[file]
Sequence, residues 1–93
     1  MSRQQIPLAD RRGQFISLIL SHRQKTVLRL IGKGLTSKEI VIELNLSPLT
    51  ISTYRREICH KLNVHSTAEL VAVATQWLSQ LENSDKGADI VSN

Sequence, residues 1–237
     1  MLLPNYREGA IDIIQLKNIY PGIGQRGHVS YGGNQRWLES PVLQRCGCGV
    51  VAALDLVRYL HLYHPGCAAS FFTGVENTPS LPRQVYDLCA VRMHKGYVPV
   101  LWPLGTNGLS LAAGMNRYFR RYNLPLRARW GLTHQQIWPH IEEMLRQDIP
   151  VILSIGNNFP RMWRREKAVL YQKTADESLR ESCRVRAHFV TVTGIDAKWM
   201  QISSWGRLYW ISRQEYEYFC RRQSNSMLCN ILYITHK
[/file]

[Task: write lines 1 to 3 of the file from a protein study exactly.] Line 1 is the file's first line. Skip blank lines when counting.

Sequence, residues 1–93
     1  MSRQQIPLAD RRGQFISLIL SHRQKTVLRL IGKGLTSKEI VIELNLSPLT
    51  ISTYRREICH KLNVHSTAEL VAVATQWLSQ LENSDKGADI VSN